Saturday, November 27, 2010
MUSIC REVIEW OF THE DAY: BEATLES ON SULLIVAN DVD
A bit of an wordy title, but it certainly describes what you're getting here. This 2-DVD set includes the four episodes of the famous 60's variety show that The Beatles guested on. It's the original broadcasts of the hour-long programs, from start to finish, including the vintage commercials. Now, that alone is an interesting sociological set of artifacts, with everything from Pillsbury dough to laundry soap being hawked (addressed to the ladies, of course). As TV shows go, Sullivan's hasn't aged well at all. The old-fashioned variety show format is cool enough, with its parade of acts, including jugglers, acrobats, singing actresses (Mitzi Gaynor?), magicians, and comedians. The trouble is, they largely suck, especially the stand-ups. The bizarre Soupy Sales does a a dance parody he calls The Mouse, which apparently was big news for 20 minutes back in '65. Borscht Belt regular Myron Cohen is literally incomprehensible. And impressionist (and future Riddler) Frank Gorshin does the same old crap, from Sinatra to The Duke, a lesser Rich LIttle. Only the music holds up, including numbers by Cab Calloway, Cilla Black and of course, our main attraction.
Unless you lived through it, it's impossible to relive the excitement the Beatles appearances generated. The first show, from February 9, 1964, smashed viewership records in the U.S., and changed music and pop culture for everyone in North America. Elvis's climb had been slower; The Beatles went from a rumour to the most talked-about act overnight. Anyone interested who missed the first broadcast could tune in two more weeks in a row, as the group returned with their hits She Loves You, I Want To Hold Your Hand, All My Loving and Please Please Me. Now, most of us have seen these clips and the shots of the screaming crowds many times, but it's cool to have them all in one place, and just plain bizarre to watch the wooden Sullivan trying over and over to convince the worried parents out there what "fine young people The Beatles are, which is surely the key to their success." Yes Ed, politeness is the number one asset for a rock band.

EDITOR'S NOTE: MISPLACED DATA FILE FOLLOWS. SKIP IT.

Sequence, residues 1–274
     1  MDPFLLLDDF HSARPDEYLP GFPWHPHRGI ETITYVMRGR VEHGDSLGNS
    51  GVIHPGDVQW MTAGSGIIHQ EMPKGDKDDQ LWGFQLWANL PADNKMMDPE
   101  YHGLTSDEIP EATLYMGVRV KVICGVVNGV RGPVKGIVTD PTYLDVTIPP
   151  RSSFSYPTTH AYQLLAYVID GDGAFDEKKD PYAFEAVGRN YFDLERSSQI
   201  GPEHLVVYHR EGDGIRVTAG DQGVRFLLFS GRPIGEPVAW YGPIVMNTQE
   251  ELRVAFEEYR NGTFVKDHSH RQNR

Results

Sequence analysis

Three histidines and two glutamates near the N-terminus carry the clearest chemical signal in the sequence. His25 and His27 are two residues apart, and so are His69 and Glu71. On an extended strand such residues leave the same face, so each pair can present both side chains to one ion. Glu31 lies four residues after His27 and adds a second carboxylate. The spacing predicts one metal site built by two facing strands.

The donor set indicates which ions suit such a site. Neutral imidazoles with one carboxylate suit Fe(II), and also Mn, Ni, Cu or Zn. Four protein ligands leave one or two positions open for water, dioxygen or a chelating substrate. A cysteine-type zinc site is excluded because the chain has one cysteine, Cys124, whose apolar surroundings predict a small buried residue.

The fourth show is a later one, with the band returning on September 12, 1965. Instead of the slightly nervous, highly-rehearsed group that appeared 17 months before, now The Beatles are confidant, relaxed, and total pros. They had grown quickly, and the material showed it, as the set list includes I Feel Fine, Ticket To Ride and Help. Paul does a solo turn on Yesterday, a huge hit single in North America only, and Ringo gets to sign his party piece, Buck Owens' Act Naturally. It's also the single best episode of the four here, with comedian Marti Allen actually funny, and Cilla Black a fine addition.
If you don't have any memories of the 60's and the importance The Beatles held, it might be hard to understand what all the fuss was about. Today, there's absolutely nothing shocking, and hardly even exciting about the group's performers. However, this is exactly how it happened, and in the combined worlds of TV and music, it's hard to come up with anything more important.